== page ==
Sunglasses is an established industry and it needs creative entrepreneurs to disrupt it. One of the them is Todd Kurihara, the CEO and Co-founder of Spective, an eyewear company which lines are catered to Millenials and Generation Z.
In this Q&A, we talk with Todd on his journey in attempting to disrupt the sunglasses industry.
Where did the idea for Spective come from? Please tell us a little about the process behind starting the company?
My partners and I actually started a separate sunglasses business four years ago and we had some moderate success with affordable eyewear lines catered to Millennials and Generation Z. We built a couple brands and also partnered with a few social media influencers to launch sunglasses lines for them. So we were already familiar with the industry, who was buying, what they were looking for, and what was and wasn’t available on the market. And then just looking at the fashion world in general, there’s this growing trend towards customization and expressing individual affinities, so Spective was built with all of that in mind.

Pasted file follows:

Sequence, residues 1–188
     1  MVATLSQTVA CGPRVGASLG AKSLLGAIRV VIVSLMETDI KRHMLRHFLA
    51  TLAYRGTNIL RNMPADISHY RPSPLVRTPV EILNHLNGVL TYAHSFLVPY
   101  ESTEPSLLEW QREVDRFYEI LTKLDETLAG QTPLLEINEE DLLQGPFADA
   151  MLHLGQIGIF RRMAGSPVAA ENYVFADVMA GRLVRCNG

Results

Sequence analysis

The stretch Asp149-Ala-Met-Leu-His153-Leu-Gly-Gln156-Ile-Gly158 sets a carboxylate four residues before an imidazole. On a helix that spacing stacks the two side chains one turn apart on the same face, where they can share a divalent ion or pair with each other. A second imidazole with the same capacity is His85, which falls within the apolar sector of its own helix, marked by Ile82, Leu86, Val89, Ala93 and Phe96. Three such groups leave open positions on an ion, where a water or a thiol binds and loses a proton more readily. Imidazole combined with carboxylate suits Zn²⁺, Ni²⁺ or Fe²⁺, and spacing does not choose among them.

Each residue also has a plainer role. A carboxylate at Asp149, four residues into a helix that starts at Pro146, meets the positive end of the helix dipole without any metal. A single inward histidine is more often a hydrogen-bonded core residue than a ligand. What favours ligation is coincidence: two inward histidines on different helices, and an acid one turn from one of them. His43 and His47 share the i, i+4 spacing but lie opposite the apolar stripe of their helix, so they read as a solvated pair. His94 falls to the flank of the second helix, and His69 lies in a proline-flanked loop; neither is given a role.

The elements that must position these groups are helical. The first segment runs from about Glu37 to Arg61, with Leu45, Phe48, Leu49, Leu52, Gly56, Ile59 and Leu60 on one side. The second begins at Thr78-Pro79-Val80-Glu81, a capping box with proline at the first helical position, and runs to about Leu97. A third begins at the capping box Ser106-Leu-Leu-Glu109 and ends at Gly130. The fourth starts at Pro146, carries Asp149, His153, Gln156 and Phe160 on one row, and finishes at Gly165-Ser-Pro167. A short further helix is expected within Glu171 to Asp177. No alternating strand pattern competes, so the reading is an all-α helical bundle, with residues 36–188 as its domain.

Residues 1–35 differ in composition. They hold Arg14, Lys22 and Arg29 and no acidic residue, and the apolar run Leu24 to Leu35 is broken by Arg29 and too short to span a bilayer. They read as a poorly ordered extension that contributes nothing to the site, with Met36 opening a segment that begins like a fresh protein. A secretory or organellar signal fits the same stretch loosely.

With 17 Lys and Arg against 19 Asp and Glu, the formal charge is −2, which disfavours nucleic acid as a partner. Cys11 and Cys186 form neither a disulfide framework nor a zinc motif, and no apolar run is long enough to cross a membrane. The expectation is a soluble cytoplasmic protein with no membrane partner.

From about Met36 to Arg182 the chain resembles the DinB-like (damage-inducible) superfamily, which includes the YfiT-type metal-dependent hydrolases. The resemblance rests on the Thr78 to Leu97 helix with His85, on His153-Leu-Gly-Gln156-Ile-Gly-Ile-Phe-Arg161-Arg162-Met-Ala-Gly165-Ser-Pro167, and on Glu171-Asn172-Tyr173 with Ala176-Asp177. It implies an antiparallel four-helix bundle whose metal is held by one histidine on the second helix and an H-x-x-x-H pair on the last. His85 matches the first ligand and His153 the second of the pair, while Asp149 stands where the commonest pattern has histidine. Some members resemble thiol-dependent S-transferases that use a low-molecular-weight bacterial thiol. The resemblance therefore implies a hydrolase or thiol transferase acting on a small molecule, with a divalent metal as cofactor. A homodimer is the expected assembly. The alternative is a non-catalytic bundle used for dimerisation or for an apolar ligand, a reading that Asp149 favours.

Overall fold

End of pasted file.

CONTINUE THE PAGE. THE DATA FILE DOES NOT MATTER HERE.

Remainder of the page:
Explain to us how the sunglasses industry has traditionally functioned, and how Spective plans to disrupt it?
Most people don’t know this but the sunglasses industry is largely controlled by two companies. They own or control the licenses for roughly 80% of the brands in the market. They also own the distribution channels, control the manufacturing, etc. It’s essentially a duopoly, which is why everything you see in the market today is overpriced and looks the same. Spective aims to democratize the industry by giving anyone with a great idea the power to create his or her own sunglasses brand in a matter of minutes. Anyone can build a legitimate sunglasses business on Spective and consumers can purchase high quality eyewear that is both affordable and unique.
Are there any other industries you can think of that are ripe for this type of disruption? Why do you think this type of change is important in the business environment, and how can your company serve as a model?
I’m sure there are other industries with limited offerings and outdated business models where consumers get stuck with overpriced goods or services, but I can’t think of any that are this egregious. With the way technology is now, there are so many tools available that weren’t available before. When you add the power of social media, if you have a great idea or a great product, it’s never been easier to share it with a large audience. You don’t need a traditional manufacturing or distribution channel anymore and I think you’re going to see a seismic shift towards consumer-based products and designs in the near future. This trend has already started.
Who are your primary competitors? What sets Spective apart and how will you ensure it will remain unique in the coming years?